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  • Now Is the Time to Make the Investment in Service to Immigrants

    Posted by on June 18, 2013

    Thanks in part to the Hispanic market’s disproportionate number of underserved consumers, competitors from all corners of the financial services industry have targeted Hispanics with renewed vigor in recent years. These include money service businesses such as check cashers, money transfer providers and money order issuers. Small-dollar loan providers, rent-to-own shops and high-interest auto financing providers are also finding a customer goldmine within local Hispanic communities.

    Much of this is due to the Hispanic culture’s reliance on advice from friends and family. When one organization serves a Hispanic customer well, chances are that business will grow quickly from referrals. As well, entirely new providers have come on the scene, making competition for the critical Hispanic market even tougher.

    While tax providers offering refund anticipation loans are nothing new, they are now offering loans in the form of prepaid cards, giving underserved Hispanic consumers access to the safety and convenience of plastic. The popularity of prepaid cards with underserved consumers has sparked tremendous growth in the prepaid sector with Walmart leading the pack and Hispanic focused companies like Telemundo and Univision also getting in on the game.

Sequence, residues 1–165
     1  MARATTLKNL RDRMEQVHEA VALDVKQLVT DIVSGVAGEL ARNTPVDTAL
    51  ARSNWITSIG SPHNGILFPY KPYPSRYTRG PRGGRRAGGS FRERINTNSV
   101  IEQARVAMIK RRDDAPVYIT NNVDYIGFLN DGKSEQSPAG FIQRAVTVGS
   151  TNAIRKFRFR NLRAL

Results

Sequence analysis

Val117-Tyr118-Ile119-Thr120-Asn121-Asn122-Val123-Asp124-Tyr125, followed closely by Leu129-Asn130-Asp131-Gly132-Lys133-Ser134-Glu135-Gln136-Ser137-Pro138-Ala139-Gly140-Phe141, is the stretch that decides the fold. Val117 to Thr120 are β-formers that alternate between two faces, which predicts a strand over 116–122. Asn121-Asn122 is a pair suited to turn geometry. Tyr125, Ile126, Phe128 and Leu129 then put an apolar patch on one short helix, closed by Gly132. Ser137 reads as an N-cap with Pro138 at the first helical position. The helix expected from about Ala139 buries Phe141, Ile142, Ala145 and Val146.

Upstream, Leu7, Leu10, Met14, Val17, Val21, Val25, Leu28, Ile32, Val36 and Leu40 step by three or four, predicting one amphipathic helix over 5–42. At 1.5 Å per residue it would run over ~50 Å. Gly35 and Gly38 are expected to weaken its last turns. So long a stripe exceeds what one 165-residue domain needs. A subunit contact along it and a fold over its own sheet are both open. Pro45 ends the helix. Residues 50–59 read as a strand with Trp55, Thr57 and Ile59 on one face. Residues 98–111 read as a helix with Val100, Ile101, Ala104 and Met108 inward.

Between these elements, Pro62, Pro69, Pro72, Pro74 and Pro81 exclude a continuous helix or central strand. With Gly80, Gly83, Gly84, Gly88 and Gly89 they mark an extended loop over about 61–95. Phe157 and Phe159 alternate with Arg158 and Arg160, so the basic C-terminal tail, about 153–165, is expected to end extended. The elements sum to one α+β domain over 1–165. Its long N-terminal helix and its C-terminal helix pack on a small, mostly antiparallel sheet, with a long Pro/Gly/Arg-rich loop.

Because 91 percent of those identified as underbanked have mobile phones and 57 percent have smartphones, mobile services for this group are also springing up rapidly. One example is m-Via’s Boom service, a P2P mobile payments service targeted to the underbanked.

    Fortunately, credit unions have several innate qualities that help them compete against long-time and new-comer financial services providers. The ability to offer the same products and
    services at a lower price is only the beginning. The most important competitive advantage, particularly in the context of retailers offering financial services, is that credit unions can promise a complete financial relationship. This does more than cash a check; it helps a formerly underserved consumer build credit, meet financial goals and ultimately achieve dreams that may have seemed out of reach.

    Where you start depends, of course, on the special opportunities unique to the immigrants in your local communities. By performing a comprehensive market analysis, credit unions can better define their target market, understand the competitive factors that will shape their own strategies and begin to see how service to immigrant populations can align with their overall growth strategies.

    This blog is an excerpt from the guest opinion article “Immigration Reform May Prompt Member Push” recently published by the Credit Union Times.

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